Topics: Revenue, Contract, Cost of goods sold Pages: 12 (1936 words) Published: October 16, 2014
Chapter 6: Revenue RecognitionRead: Chapter 6 and partly 13 on warrantyIn-class exercises: BE6-7, EX6-11, EX6-9, EX6-16, EX6-18 Practice exercises: EX6-7, BE6-11, P6-1, P6-2, E13-17
There are two main conceptual views on how to account for revenues/sales: Earnings approach
Contract-based approach

Earnings Approach
Revenues are recognized when the following criteria are met: 1. Performance is achieved:
a. risks and rewards transferred and/or earnings process substantially complete, and b. measurability reasonably assured
2. Collectibility is reasonably assured

“Earnings process” is substantially complete.
Operational functions firm that ADD VALUE in generation of revenue Varies across different firm
Eg. Produce goods→sale →collect cash→provide after sale service

Contract-Based Approach

Contract-Based Approach
Contract is recognized when all of the following conditions are met: 1. The entity is party to the contract,
2. The contractual rights are collectible/measurable, and
3. The performance obligation is measurable

Net contract position represents the balance of contractual rights less contractual obligations Initial balance of net contract position is generally nil due to reciprocity and assumed arm’s length transaction Revenues are recognized when

Control passes to the buyer (as indicated by legal title / possession), or Services are performed

Earnings Approach
Recognize revenue at different stages in the earnings process


Many long term construction contracts


Product with guaranteed price and buyer (eg. Some agricultural products where gov’t agrees to purchase excess at set price)


If revenue, cost, collection can be estimated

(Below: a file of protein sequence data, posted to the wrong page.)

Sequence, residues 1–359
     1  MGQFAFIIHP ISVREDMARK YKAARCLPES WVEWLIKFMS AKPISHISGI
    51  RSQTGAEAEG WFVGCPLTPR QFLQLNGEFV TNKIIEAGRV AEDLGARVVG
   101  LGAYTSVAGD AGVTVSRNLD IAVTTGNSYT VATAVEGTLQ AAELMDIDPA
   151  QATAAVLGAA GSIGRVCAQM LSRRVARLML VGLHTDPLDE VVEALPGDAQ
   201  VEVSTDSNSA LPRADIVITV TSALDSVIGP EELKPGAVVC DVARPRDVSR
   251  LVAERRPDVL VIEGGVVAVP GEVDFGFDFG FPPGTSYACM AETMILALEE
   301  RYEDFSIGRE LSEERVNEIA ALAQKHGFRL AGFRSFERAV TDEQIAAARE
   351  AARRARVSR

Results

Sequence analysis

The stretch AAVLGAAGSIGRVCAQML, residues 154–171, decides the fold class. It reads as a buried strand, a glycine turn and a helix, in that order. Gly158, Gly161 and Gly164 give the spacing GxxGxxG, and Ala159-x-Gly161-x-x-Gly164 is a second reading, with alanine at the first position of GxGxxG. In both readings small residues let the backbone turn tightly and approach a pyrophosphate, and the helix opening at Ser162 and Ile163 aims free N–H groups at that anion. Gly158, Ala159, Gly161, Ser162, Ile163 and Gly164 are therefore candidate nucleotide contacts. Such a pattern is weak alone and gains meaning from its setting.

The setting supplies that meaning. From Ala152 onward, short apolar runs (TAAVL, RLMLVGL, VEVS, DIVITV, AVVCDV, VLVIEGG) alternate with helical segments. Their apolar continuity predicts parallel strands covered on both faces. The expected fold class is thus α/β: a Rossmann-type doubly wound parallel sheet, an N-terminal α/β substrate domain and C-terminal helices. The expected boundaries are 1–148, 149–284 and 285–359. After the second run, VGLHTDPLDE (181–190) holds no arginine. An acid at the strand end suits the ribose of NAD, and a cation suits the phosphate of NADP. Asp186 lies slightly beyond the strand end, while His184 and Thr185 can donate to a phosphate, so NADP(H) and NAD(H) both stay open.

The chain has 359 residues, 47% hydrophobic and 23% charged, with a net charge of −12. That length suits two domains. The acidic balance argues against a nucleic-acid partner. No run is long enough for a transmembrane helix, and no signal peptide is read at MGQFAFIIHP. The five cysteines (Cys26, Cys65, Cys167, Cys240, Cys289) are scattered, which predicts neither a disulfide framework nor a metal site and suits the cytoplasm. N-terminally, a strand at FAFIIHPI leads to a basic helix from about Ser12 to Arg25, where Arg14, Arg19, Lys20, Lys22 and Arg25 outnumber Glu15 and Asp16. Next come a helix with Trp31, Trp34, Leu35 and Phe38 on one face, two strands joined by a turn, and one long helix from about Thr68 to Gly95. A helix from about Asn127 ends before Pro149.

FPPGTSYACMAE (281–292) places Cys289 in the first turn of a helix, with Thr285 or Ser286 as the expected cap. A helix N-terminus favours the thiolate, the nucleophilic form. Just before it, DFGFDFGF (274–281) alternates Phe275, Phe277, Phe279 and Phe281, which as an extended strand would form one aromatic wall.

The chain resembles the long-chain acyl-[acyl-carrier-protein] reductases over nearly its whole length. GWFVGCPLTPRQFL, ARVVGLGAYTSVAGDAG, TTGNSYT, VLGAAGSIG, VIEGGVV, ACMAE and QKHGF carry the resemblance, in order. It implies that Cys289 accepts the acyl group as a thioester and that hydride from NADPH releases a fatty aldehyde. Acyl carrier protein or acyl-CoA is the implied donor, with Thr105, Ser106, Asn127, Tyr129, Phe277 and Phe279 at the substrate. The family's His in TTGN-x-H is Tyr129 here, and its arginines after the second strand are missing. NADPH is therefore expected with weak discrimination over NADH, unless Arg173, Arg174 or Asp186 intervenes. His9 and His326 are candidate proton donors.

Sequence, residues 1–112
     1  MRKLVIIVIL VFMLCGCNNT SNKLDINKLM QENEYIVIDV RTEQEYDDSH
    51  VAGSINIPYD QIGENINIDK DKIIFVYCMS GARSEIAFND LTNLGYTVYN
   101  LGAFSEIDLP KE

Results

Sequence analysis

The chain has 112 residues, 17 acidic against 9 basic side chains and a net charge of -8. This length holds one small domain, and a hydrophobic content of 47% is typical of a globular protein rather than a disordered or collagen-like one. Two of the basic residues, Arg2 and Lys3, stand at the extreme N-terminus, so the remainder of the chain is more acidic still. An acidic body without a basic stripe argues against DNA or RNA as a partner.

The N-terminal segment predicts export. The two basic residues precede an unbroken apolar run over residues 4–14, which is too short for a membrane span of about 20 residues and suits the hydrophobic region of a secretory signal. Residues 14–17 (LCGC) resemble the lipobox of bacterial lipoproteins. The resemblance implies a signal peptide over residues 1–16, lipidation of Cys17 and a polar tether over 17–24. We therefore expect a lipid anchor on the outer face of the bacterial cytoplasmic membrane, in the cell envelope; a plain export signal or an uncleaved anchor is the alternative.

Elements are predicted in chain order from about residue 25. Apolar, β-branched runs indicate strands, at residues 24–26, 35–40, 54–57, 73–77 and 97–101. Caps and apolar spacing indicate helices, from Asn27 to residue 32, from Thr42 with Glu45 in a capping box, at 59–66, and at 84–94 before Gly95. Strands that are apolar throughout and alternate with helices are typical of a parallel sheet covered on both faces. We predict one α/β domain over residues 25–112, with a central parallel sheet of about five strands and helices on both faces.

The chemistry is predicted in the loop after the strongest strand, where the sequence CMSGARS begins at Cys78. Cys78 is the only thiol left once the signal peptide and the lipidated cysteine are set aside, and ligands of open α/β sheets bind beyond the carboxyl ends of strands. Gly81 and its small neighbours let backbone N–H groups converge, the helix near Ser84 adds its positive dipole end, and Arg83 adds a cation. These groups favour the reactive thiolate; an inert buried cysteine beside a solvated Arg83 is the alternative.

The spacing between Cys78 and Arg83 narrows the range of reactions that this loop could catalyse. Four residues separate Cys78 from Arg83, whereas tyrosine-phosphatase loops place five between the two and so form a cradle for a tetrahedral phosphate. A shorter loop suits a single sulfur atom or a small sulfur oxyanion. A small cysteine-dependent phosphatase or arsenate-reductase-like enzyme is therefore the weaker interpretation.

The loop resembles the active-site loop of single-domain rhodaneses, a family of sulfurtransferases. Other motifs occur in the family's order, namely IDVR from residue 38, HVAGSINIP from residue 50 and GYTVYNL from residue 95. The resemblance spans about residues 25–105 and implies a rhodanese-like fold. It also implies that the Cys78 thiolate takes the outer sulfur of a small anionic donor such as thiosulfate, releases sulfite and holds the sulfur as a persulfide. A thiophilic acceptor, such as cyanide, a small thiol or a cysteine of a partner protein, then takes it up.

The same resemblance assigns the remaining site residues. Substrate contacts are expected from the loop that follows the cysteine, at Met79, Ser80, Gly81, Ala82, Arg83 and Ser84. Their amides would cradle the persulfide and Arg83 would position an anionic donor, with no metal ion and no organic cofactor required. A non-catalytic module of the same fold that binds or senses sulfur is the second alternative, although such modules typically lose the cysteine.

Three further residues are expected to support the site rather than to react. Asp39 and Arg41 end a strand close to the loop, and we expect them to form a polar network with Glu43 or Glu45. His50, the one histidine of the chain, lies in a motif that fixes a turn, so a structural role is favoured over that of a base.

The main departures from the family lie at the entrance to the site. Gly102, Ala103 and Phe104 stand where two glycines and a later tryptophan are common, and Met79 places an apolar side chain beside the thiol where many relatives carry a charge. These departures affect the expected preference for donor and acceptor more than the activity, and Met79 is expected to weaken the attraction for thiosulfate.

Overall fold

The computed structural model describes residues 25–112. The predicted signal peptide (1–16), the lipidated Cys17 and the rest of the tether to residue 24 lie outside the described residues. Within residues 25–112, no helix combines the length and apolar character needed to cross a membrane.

Buyer assumes risks & rewards at this date
Seller has no significant involvement/control of goods after this date

How should you treat goods in transit?
Risks & rewards are transferred where legal title passes
Fob shipping point →sale complete when leaves seller
Fob destination→ sale not complete until delivered
if collectability can’t be estimated

If seller has significant future obligations which can’t be estimated Trial period (allow returns)

Problems with the Earnings Approach

Multiple (and sometimes conflicting) guidance on revenue recognition Difficult to apply
Difficult to determine definitively who has the risks and rewards Too much subjective judgment

BE 6-7
Multiple deliverables
(e.g., a telephone company would sell a phone and a monthly service)

Separate each deliverable, if possible
Overall price can be allocated using two methods:
Relative fair value method
Residual value method
If components cannot be measured individually, then revenue recognition criteria are applied to the bundled sale as a whole (as if one product/service)

Bundle Sales
EX 6-6
Consignment Sales
Consignor ships inventory to the consignee
The consignee acts as an agent to sell the inventory
Possession has transferred; however legal title remains with the seller Risks and rewards have not transferred
Goods are held by seller as “Merchandise on Consignment” Not held as inventory on consignee’s books
When merchandise sold, the consignee remits cash to the consignor (after deducting commission and other chargeable expenses)


Nov 1, 2010 a manufacturer pays $500 to ship inventory costing $40,000 to a retailer who holds it on consignment. If the goods are sold, the retailer gets a 10% commission on the selling price. If the goods are not sold within 120 days, the retailer agrees to return them to the manufacturer. At Dec 31, 2010 half of the goods have been sold for $38,000. How will these transactions affect the manufacturer’s I/S for the year ended Dec 31, 2010?

Consigned inventory is still reported on manufacturer’s...
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